Iran isn’t in the best position these days. As the cold war between them and the United States ensues, the people of Iran would be gripped by fear. It is the fear of what is to come and fear of probably the worst for them and their country. While what will happen or won’t happen is anyone’s guess, but there is hardly a state of normalcy in the country.
Amidst these fears and anxieties, any morsel of joy can give the people hope. That hope for Iran has come in the form of Alireza Jahanbakhsh.
When the former AZ Alkmaar man came on to make an impact against Chelsea on Boxing Day, there was perhaps a glimmer in every Iranian’s eye. Jahanbakhsh had found the back of the net for the first time in Brighton and Hove Albion colours in their previous game against Bournemouth. This was meant to be another shot at redemption. It was to be a chance to get global acclaim that he is finally back amongst the goals. Leading online bookmaker asiabet8888.com had been offering odds of 20/1 for Jahanbaksh to score, so anyone who backed him will have cashed in.
What happens moments later did grab the world’s attention, let alone Iran’s. Jahanbakhsh’s sensational overhead kick drew the Seagulls level, handing them a huge point. Amex Stadium had fans staring in bewilderment, with hands on their heads in disbelief. It was all football is meant to be- those special moments.
Some who don’t watch the Premier League probably couldn’t believe that this man had only scored two in his 15-month long stint at Brighton. But to his countrymen in Iran, it meant the world. The country’s son was back amongst the goals once again.
During his time at AZ, Jahanbakhsh had been on fire. In the 2017-18 season, the right winger had made 39 appearances in all competitions for the club and got a tally of 22 goals and 14 assists. This was a huge upgrade from the 2016-17 season, when Jahanbakhsh had contributed to 22 goals in 43 appearances in all competitions for the Alkmaar-based outfit.
The 2014-15 campaign was his last at former NEC Nijmegen. And Jahanbakhsh had bowed out with an impressive campaign that had attracted interest from a bigger club in AZ. He played 31 games in all competitions, scoring 13 times and racking up as many as 18 assists for the club.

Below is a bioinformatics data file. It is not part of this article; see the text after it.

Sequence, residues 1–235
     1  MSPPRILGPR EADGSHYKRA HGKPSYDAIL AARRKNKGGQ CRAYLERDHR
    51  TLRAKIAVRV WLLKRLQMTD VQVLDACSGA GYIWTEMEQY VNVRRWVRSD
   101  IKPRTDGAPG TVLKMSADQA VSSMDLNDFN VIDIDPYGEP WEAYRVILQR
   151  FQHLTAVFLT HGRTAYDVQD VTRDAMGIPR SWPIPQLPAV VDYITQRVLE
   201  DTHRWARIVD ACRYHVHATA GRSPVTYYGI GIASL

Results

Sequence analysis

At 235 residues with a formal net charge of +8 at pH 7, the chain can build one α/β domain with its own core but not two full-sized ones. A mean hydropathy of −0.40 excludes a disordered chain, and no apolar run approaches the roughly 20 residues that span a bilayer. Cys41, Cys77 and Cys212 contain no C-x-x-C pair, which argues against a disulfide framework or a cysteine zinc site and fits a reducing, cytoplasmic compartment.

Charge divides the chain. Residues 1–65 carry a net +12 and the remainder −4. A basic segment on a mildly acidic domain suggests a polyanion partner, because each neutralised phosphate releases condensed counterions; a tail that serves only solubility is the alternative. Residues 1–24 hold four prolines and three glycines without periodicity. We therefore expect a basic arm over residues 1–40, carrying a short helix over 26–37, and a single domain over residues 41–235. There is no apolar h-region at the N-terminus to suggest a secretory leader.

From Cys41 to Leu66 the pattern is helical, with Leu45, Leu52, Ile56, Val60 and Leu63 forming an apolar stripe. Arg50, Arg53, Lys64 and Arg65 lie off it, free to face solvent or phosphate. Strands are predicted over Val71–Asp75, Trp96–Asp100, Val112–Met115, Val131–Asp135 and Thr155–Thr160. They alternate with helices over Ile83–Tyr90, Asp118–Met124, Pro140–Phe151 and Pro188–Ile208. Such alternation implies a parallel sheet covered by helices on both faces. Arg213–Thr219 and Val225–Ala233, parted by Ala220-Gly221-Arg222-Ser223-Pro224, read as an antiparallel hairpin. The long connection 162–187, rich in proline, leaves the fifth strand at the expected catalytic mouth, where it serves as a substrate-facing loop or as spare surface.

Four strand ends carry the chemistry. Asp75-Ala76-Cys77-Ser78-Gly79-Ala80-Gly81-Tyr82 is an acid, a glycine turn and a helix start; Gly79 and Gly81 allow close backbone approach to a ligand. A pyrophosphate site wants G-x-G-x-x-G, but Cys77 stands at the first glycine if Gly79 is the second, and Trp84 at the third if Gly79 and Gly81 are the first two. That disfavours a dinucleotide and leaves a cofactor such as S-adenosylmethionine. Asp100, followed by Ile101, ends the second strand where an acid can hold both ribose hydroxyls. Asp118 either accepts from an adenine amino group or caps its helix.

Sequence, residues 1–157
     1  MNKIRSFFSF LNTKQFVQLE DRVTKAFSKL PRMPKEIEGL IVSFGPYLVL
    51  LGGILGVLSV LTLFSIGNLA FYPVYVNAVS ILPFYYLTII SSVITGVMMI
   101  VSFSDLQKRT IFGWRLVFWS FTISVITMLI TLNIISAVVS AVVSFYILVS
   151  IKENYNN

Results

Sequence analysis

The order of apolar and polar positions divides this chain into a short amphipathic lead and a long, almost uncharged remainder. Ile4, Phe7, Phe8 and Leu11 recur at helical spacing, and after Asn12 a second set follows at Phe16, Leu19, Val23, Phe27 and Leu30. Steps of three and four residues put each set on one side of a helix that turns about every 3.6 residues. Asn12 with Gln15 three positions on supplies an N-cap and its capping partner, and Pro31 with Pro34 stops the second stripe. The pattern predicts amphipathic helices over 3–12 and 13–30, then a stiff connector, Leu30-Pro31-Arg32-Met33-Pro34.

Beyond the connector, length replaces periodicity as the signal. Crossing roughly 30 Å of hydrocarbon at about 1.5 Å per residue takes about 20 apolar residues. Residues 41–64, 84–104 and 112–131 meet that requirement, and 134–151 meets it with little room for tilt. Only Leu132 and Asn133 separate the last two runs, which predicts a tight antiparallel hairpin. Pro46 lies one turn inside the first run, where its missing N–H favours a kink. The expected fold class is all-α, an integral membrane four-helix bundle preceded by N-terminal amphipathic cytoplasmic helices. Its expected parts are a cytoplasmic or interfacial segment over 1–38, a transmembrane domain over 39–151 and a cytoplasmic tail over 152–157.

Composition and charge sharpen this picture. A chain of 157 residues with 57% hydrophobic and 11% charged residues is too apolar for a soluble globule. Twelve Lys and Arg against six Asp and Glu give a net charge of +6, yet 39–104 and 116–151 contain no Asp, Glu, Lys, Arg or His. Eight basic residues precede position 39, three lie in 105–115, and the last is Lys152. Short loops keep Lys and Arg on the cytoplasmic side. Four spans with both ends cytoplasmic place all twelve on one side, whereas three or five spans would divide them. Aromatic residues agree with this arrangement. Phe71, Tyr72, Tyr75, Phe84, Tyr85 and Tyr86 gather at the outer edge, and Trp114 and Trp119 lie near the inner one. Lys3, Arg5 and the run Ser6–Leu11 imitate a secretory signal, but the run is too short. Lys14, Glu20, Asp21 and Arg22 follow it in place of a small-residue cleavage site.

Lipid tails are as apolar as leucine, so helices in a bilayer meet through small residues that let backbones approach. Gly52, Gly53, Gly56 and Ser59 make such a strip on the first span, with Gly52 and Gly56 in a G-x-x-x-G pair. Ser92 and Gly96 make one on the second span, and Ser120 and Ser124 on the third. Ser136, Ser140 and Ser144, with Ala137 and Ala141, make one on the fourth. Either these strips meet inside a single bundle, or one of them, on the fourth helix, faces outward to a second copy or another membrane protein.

Nijmegen was Jahanbakhsh first Eredivisie club. His time at Damash Gilan in the Persian Gulf Pro league had given him the exposure to go onto do bigger things elsewhere in Europe. While he got only ten goals in 44 appearances for them, the winger was only growing in stature as a teenager.
Nijmegen brought him for a fee of €250,000- something that would dwarf what Chris Hughton’s Brighton spent on him for his move in the summer of 2018. The €19 million fee is astronomical, considering what his price was back in 2011.
Last season was probably the worst of the 26-year-old’s career. Apart from not scoring a single goal, his confidence looked shot. He had a hamstring injury around the turn of the year, before going to international duty with Iran. He could never get the momentum or a run going to make an impact. The first year in the Premier League was always going to be tough anyway.
Jahanbakhsh’s goal against Chelsea was followed by a stream of tears from the Iran international. It was an overflow of emotions- the fruition of struggle that had finally paid off. After the goal, he told the Telegraph:
“It’s been very tough times for me, last couple of weeks for me and my family have been very difficult because such a thing never happened in my career.
“Last season, it wasn’t the best season for me. I missed a lot of games – almost half with the Asia Cup and injuries but I don’t want to take it as an excuse.”
Those words in itself say a lot about Jahanbakhsh’s mentality. When others could have gone away after a bad spell, he had the determination to fight and keep going to prove detractors wrong. The ongoing struggle never became a reason for him to give up the adventure. He fought for it came through. After dark times, he is now seeing happier days.
That should resonate a lot with his countrymen back in Tehran. These might be tough times for them. But as Jahanbakhsh did, they can come out of the other end of this struggle with tears of joy.